This example uses Parallel Computing Toolbox™ to perform a Fast Fourier Transform (FFT) on a GPU. A common use of FFTs is to find the frequency components of a signal buried in a noisy time-domain signal.
Create Data on the GPU
First we simulate the signal. Consider data sampled at 1000 Hz. We start by forming a time axis for our data running for a large number of samples. The signal consists of two harmonic components. We use the
gpuArray function to transfer data to the GPU for further processing. We start by setting up the time vector
timeVec, and then calculate
signal as a combination of two sinusoids at frequencies
sampleFreq = 1000; sampleTime = 1/sampleFreq; numSamples = 2^23; timeVec = gpuArray( (0:numSamples-1) * sampleTime ); freq1 = 2 * pi * 50; freq2 = 2 * pi * 120; signal = sin( freq1 .* timeVec ) + sin( freq2 .* timeVec );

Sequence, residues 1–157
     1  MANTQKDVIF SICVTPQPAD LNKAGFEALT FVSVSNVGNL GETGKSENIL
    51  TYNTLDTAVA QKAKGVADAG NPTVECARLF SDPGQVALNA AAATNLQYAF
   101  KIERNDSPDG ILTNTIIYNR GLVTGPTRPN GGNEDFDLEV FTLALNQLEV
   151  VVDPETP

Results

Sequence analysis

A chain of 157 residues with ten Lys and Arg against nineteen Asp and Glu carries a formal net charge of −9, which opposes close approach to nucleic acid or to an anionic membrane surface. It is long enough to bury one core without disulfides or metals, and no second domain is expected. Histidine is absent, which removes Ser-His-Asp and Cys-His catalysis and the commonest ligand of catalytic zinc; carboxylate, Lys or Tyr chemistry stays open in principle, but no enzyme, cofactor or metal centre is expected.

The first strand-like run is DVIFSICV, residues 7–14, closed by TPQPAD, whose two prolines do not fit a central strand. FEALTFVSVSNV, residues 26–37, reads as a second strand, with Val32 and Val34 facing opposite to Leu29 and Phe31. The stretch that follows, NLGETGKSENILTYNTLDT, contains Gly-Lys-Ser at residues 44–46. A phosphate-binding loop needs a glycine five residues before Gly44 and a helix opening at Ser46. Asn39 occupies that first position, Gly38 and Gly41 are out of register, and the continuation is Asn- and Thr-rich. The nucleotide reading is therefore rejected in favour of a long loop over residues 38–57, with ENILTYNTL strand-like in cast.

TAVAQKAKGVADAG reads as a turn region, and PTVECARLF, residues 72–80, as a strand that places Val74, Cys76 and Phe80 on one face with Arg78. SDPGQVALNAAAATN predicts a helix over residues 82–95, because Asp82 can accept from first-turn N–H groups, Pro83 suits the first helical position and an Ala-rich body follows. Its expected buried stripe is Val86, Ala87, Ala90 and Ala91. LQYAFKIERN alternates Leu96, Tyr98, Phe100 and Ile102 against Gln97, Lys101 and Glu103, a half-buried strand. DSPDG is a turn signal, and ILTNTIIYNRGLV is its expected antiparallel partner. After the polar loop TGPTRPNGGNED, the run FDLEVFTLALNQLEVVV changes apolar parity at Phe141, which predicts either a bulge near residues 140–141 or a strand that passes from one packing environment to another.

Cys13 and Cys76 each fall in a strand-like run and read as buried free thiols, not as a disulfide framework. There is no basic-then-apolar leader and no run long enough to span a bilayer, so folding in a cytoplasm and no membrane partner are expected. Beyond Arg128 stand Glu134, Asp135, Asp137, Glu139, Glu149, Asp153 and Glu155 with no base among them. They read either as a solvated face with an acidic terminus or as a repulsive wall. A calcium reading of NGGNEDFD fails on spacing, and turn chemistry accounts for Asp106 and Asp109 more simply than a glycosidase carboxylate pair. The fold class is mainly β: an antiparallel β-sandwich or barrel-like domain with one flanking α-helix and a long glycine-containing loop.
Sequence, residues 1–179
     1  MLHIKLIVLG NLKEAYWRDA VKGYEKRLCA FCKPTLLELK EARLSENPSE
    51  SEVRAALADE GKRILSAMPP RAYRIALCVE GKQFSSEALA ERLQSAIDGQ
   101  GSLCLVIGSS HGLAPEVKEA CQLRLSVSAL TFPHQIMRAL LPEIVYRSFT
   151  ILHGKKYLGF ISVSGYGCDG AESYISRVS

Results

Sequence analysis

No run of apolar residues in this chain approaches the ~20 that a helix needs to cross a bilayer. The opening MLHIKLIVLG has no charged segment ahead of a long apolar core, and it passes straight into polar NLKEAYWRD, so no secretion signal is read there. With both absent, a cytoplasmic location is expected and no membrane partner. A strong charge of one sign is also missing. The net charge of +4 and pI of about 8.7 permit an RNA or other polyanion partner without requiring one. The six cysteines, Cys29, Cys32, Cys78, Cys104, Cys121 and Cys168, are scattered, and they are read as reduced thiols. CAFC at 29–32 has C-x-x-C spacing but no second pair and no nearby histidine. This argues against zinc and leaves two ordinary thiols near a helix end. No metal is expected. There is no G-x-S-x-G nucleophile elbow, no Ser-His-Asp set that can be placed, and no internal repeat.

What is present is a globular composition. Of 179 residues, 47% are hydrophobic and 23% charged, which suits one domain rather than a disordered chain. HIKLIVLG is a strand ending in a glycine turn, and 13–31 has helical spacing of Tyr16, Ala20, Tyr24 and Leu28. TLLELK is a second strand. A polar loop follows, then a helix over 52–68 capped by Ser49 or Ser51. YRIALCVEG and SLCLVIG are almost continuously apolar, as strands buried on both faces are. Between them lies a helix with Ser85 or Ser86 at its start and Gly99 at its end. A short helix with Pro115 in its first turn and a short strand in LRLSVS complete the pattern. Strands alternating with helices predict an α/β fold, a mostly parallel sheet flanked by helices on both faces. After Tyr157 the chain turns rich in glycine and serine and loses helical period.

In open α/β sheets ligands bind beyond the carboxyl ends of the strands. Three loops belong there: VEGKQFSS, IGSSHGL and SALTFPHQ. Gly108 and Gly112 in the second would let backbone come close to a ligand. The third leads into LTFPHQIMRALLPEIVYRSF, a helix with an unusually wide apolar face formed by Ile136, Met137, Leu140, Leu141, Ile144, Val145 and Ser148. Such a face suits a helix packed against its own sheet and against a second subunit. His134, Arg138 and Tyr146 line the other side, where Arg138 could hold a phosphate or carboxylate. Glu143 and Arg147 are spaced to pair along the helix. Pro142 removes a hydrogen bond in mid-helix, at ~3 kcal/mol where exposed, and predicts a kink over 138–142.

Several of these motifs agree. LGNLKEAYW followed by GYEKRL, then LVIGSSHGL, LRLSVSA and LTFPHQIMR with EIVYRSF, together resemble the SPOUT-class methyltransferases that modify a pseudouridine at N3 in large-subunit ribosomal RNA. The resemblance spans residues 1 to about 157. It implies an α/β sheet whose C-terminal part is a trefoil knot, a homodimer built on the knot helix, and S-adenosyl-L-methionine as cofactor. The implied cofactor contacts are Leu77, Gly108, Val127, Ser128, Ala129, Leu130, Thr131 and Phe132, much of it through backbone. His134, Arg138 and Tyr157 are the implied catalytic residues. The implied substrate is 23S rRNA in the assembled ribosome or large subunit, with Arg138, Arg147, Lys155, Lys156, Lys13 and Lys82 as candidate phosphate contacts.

Add Noise to the Signal
We add some random noise to the signal.
signal = signal + 2 * randn( size( timeVec ), 'gpuArray' ); plot( signal(1:100) ); title( 'Noisy time-domain signal' );
Perform Spectral Analysis
Clearly, it is difficult to identify the frequency components from looking at this signal. We can see the frequency components by taking the discrete Fourier transform using the Fast Fourier Transform. Because we sent
signal to the GPU, the FFT is performed on the GPU.
transformedSignal = fft( signal );
Compute the Power Spectral Density
The power spectral density measures the energy at various frequencies.
powerSpectrum = transformedSignal .* conj(transformedSignal) ./ numSamples;
Display the Power Spectral Density
We can plot the powerSpectrum directly
frequencyVector = sampleFreq/2 * linspace( 0, 1, numSamples/2 + 1 ); plot( frequencyVector, real(powerSpectrum(1:numSamples/2+1)) ); title( 'Power spectral density' ); xlabel( 'Frequency (Hz)' );